As we’ve just said goodbye to 2018 and cheers 2019, one can’t help but to be enthusiastic about the future. Yet, it was only just a year ago many predicted TV to become a dead medium.  However one of TV’s biggest fastest growing audiences, the Cord-Cutter Generation, gave rise to a revolution in TV that has been deprived of advancements for the better part of 50 years.  And, within the past year, we have seen one of the single largest advancements by a channel in modern day advertising: This is the revolution of Advanced TV (ATV).

As the benefits of ATV’s innovation have been easy to accept, increased reach outside of cable providers, precision targeting and increased measurement, we continue to toil with how to best educate and disseminate information around its actual delivery. Even with some of the roadblocks that we do face, we do continue to see further adoption. This is not only because of the 100% share of voice that it offers to advertisers, but the new ways that data can be obtained and targeted through Advanced TV.. As an emerging ad tech enthusiast, I can’t help but ponder what does the future have in store for ATV? In today’s advertising climate, any company, product, or service looking to attain a sustainable offering and market share must invest in it’s innovation. But what does this innovation look like next when it comes to Advanced TV?

Will it come in the form of efficiency, like what we saw with digital channels such as desktop, video and mobile? What’s the likelihood that the majority of TV will be primarily bought and sold through programmatic means? Does the value of real-time bidding allow TV networks to “eighty-six” upfronts all together? Will TV buyers find the access and availability of securing real time TV media? Will it produce commoditization and over saturation like we saw with in the earlier days of the open exchange or will next gen data driven targeting ensure consumers are only exposed to the brands, products and services that reflect their interests?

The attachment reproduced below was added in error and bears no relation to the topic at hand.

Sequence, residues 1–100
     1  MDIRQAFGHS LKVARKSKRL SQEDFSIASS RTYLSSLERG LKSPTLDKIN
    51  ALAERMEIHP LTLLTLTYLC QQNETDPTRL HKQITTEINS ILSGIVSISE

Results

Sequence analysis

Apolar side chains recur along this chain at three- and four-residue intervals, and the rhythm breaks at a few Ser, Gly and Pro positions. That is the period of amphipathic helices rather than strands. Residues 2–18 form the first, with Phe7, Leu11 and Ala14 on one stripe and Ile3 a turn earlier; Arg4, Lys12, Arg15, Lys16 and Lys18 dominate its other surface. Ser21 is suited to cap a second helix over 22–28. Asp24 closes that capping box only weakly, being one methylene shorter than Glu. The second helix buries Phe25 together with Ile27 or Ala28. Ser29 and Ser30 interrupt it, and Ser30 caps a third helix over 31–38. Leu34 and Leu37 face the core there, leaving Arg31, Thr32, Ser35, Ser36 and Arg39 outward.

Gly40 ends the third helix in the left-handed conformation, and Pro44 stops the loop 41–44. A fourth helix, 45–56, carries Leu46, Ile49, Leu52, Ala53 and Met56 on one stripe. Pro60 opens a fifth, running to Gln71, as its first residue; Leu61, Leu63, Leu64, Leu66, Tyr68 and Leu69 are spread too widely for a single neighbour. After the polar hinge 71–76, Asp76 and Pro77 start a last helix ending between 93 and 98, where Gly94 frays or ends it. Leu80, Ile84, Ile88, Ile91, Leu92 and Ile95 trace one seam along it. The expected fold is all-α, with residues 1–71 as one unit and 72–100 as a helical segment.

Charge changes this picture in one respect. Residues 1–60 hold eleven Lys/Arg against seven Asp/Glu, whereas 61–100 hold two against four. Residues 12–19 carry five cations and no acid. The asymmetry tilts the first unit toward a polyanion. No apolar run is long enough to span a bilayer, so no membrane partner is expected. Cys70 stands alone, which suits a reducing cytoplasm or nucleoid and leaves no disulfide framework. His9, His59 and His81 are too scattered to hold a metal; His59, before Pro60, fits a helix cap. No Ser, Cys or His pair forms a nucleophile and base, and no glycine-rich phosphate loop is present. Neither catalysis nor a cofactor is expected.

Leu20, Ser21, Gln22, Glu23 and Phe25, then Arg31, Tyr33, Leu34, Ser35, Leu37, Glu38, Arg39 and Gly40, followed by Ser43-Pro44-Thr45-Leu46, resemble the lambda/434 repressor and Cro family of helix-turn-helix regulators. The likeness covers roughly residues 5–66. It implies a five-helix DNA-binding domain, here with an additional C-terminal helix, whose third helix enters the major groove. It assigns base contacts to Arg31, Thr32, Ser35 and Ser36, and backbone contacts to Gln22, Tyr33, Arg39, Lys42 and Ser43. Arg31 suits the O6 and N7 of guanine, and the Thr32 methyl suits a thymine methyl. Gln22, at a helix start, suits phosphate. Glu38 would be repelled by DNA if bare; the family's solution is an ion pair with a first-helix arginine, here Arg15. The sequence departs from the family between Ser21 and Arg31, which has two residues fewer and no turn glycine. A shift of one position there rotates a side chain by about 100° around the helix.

Marketers increasingly have some thinking to do as well. One of the largest considerations lies in their budgets and if they are willing to go all in on an emerging technology. Are tomorrow’s marketers willing to trust their hefty budgets to autonomy in the hopes that it could potentially create a savings facilitated by networks?

Last but certainly not least, are the technology providers seeking to capitalize on the innovation and developing scalable tools that offer easy planning and execution? Will the industry as a whole see the value in combining these two mediums, with MVPDs relinquishing much of their firm stronghold of their inventory?

Overall, Advanced TV poses great benefits for both brand marketers and agencies alike. The ability to book TV media in the same process as digital makes for a more efficient and agile marketplace. On the flip side, MVPD’s have the ability to cash in on supply that provides more localized, relevant content that is both autonomous and targeted. Where this will evolve is anyone’s guess at this point, but one thing is clear. Advanced TV is growing. The strategy and tactics although young, prove that TV has and continues to evolve and is poised to solidify considerable dividends for those willing to invest and master it’s capabilities.